Well worth the detour off I-95, Hershey is much more than chocolate bars and hot cocoa. One of the most surprising foodie finds on the East Coast, the Iberian Lounge is a speakeasy-style cocktail bar and small plates restaurant hidden away inside the ornate Hotel Hershey. With a cozy, fireplace-equipped design motif reminiscent of something from the Titanic era, the lounge serves seriously impressive craft cocktails, including surprisingly masterful chocolate martinis and barrel-aged Manhattans, alongside Bavarian pretzel cheese boards, pork rillettes, beef carpaccio, and meatball sliders.
Seemingly everywhere you turn in Baltimore’s downtown marina area, you’ll spot another seafood restaurant. Around here, crab cakes and oysters are frequent fixtures, and both abound at one of the city’s most popular staples: Thames Street Oyster House. Located in the historic Fells Point neighborhood, an area marked by cobblestone streets and harbor views, the perpetually bustling oyster bar features bountiful seafood dishes, cocktails, and solid mid-Atlantic cuisine. Local East Coast oysters are the way to go, as is the cast-iron crab cake. Other standouts include lobster stew, grilled octopus, fried clam rolls, and Chesapeake rockfish. Get your seafood fill.
Washington DC / Capitol KOA Holiday
In a city increasingly renowned as a culinary mecca, right up there with the likes of San Francisco, New York City, and Chicago, D.C.’s Nicholas Stefanelli is one to watch. The chef behind Michelin-starred Masseria branched out in a big way when he opened his multi-level, multi-tiered Officina in the city’s booming Wharf area, putting a fresh new stamp on Italian dining and drinking. You could easily spend an entire day at Officina, as the concept contains an Italian market called Mercato, a casual cafe filled with wine and Roman pizzas, an intimate cocktail bar dubbed the “Amaro Library,” a main second-floor restaurant, and a sprawling rooftop lounge with sweeping river views. The main restaurant, Trattoria, is where you’ll want to really dig in. Here, Stefanelli exhibits his knack for seasonal cookery, exquisite pastas, and perfectly balanced fish and meat dishes. Arancini with veal ragu, seafood-studded paccheri pasta, saffron-tinted risotto, brown butter-roasted soft-shell crab, and garlicky lamb are a few menu highlights, punctuated by desserts like hazelnut cake with hazelnut Bavarian, and baba au rhum with caramelized apples and crab apple sauce.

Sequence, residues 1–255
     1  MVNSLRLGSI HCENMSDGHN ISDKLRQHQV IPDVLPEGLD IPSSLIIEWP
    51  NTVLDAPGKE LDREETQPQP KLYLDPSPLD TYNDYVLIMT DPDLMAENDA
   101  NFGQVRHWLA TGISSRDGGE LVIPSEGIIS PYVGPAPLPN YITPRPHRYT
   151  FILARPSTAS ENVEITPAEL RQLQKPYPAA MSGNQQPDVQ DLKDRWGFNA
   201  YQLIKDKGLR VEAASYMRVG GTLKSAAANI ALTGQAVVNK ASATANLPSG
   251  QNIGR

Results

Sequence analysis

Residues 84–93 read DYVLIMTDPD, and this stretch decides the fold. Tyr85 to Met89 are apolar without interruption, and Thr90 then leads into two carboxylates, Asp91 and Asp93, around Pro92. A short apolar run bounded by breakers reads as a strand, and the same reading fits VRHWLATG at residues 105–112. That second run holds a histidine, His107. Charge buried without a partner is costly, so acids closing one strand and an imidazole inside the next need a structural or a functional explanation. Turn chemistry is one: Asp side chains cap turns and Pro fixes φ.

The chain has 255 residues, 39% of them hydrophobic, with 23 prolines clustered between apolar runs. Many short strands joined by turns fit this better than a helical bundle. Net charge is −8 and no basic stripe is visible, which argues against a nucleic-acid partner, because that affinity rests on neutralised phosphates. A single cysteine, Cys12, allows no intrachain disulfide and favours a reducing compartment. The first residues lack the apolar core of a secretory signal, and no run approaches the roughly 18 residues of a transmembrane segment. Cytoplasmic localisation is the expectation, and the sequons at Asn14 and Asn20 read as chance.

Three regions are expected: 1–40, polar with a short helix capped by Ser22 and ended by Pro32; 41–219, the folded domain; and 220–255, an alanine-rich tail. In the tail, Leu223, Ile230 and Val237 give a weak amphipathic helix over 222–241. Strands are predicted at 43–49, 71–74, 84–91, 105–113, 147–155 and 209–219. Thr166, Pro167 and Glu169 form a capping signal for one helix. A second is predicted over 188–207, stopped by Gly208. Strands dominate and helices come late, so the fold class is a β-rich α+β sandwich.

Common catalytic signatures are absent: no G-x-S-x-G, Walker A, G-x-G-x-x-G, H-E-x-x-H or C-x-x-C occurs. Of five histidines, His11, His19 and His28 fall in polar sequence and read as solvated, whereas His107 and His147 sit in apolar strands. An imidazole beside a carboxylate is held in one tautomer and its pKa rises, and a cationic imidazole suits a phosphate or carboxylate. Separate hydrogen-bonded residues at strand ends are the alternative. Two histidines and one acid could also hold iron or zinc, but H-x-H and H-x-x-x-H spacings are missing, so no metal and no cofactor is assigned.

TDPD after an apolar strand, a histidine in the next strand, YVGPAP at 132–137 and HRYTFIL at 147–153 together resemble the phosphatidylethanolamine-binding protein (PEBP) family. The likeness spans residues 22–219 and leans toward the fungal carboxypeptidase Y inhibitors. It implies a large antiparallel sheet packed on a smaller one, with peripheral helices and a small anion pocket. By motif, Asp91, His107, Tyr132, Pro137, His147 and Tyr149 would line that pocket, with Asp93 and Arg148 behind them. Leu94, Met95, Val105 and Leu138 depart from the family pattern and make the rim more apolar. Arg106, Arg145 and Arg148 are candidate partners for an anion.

Washington DC / Capitol KOA Holiday